by Ganganatha Jha | 1920 | 1,381,940 words | ISBN-10: 8120811550
This is the English translation of the Manusmriti, which is a collection of Sanskrit verses dealing with ‘Dharma’, a collective name for human purpose, their duties and the law. Various topics will be dealt with, but this volume of the series includes 12 discourses (adhyaya). The commentary on this text by Medhatithi elaborately explains various t...
Sanskrit text, Unicode transliteration and English translation by Ganganath Jha:
तस्यार्थे सर्वभूतानां गोप्तारं धर्ममात्मजम् ।
ब्रह्मतेजोमयं दण्डमसृजत् पूर्वमीश्वरः ॥ १४ ॥
tasyārthe sarvabhūtānāṃ goptāraṃ dharmamātmajam |
brahmatejomayaṃ daṇḍamasṛjat pūrvamīśvaraḥ || 14 ||
For his sake, the Lord, at first, created Punishment, which is Law born of the Lord Himself, an incarnation of divine glory and the protector of all creatures.—(14).
Medhātithi’s commentary (manubhāṣya):
The origin of the King has been described; the origin of Punishment is now described.
‘For his sake’— for the due fulfilment of the purposes of the King,—‘the Lord’—Prajāpati—‘created Punishment’.
“What purpose of the King is served by Punishment?”
The answer is as follows—It is ‘the protector of all creatures’;—it is Punishment that ‘protects’—guards—all creatures; as without Punishment the King cannot carry on the work of protecting the people. Thus it was for the proper accomplishment of the kingly function that Punishment was created.
(a) ‘It is Law, (b) born of the Lord himself, (c) incarnation of divine glory’.—(a) ‘Law’ does not consist of sacrifices and gifts; it consists of Punishment, (b) Nor should it be regarded as an inferior form of Law, by reason of its depriving men of their life and property because it is that Law which is born out of the body of the Lord, Prajāpati, himself, (c) Nor is it composed of the five material substances; it is created out of the pure‘glory’ of Brahman himself.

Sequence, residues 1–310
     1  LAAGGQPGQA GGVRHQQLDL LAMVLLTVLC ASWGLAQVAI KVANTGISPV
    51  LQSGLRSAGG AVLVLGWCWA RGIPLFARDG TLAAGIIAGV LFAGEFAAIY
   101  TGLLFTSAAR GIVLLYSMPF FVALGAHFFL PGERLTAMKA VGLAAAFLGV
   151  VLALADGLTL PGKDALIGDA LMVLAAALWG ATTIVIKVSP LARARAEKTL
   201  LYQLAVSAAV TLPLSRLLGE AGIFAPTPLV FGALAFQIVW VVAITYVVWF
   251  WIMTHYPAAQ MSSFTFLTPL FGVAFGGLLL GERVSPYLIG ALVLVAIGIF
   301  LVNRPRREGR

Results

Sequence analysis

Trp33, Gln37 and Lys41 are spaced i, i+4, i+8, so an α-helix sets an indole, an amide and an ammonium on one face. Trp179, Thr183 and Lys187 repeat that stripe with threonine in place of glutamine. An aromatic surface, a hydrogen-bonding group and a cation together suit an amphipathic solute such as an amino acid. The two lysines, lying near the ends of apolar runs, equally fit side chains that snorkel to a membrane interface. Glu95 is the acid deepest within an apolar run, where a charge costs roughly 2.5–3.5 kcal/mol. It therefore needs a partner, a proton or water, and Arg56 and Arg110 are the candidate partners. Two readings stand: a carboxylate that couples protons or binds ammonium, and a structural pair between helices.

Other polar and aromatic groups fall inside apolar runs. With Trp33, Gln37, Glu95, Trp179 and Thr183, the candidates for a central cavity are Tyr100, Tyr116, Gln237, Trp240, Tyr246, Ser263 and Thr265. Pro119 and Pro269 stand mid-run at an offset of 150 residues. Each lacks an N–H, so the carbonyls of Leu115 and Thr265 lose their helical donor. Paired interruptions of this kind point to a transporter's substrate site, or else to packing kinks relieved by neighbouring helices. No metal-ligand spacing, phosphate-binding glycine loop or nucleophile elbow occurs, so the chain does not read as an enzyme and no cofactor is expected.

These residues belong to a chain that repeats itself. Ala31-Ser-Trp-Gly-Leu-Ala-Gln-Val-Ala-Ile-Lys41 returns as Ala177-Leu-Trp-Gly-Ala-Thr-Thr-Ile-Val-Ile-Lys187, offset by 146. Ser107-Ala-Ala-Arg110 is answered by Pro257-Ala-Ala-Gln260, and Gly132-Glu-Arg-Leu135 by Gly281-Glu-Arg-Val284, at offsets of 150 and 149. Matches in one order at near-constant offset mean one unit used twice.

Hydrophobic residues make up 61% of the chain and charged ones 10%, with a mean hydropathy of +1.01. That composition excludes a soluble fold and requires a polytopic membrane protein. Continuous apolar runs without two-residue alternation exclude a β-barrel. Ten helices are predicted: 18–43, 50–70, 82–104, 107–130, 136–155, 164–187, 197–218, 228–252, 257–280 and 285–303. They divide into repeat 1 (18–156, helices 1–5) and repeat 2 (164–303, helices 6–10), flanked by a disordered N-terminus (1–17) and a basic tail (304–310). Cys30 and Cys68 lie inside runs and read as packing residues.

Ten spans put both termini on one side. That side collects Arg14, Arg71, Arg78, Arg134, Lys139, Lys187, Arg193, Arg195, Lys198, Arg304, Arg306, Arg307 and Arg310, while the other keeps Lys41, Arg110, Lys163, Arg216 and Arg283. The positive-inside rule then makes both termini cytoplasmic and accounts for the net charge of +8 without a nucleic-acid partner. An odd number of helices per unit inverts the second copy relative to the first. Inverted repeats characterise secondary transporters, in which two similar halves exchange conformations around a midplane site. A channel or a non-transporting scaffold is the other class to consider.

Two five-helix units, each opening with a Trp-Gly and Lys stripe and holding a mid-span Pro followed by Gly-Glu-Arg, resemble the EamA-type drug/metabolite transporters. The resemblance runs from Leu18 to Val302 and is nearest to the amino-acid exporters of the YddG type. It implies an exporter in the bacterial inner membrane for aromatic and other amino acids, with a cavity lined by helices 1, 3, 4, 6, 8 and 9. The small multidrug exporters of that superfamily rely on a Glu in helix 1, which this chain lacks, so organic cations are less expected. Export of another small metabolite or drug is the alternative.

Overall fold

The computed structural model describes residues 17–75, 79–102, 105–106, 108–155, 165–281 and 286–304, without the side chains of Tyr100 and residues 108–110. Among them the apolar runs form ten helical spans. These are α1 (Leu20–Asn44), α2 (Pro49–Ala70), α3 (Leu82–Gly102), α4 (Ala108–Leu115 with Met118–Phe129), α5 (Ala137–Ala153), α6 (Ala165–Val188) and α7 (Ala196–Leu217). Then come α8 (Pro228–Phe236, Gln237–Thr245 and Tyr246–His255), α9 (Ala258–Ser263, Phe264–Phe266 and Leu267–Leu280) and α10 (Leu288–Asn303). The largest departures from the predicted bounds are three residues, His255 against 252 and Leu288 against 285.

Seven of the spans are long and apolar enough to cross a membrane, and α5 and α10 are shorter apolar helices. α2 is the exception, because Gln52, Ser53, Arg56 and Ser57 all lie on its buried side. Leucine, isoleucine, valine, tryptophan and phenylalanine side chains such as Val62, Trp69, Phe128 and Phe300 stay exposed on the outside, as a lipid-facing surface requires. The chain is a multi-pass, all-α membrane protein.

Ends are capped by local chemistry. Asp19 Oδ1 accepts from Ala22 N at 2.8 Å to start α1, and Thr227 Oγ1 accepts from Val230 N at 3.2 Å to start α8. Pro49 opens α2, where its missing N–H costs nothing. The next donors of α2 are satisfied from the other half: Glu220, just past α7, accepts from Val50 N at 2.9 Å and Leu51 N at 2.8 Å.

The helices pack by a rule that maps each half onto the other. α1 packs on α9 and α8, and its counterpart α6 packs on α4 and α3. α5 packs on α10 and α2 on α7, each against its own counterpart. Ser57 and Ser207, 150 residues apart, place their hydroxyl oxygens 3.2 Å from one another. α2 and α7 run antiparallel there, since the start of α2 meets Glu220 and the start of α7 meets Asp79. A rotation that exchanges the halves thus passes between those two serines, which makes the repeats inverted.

‘At fir st,’—before the creation of the King himself,—(14)
Explanatory notes by Ganganath Jha
This verse is quoted in Parāśaramādhava (Ācāra, p 393);—in Vīramitrodaya (Rājanīti, p. 283), which adds the following notes:—‘Tadartham’ means ‘for the accomplishment of the king’s purpose’; protecting of the people is the king’s duty, and as this protecting cannot be done without punishment, it is punishment itself that is called the ‘protection’ and it is eulogised by being styled ‘Dharma’ itself.—It is quoted again on p. 292.
The verse is quoted in Vivādaratnākara (p. 646), which adds the following notes:—The merit arising from the protection of the people is the king’s ‘Artha’ or ‘purpose’—for the sake of this the ‘Lord’, Creator of the people, created punishment, which is ‘brahmatejomayam (brahmatejomaya),’ the natural Power of Hiraṇyagarbha, and which is ‘Dharma’ itself, i.e., the consolidator of Dharma;—both these epithets being purely valedictory and in Vivādacintāmaṇi (p. 261), which explains ‘tadartham dharmam’ as for the purpose of establishing Dharma;—and ‘brahmatejomayam’ as ‘constituted of the essence of Hiraṇyagarbha’;—it adds that this is mere eulogy.
It is quoted also in Rājanītiratnākara (p. 37b).
Comparative notes by various authors
Yājñavalkya (1.353).—‘Brahmā created Dharma in the form of Punishment.’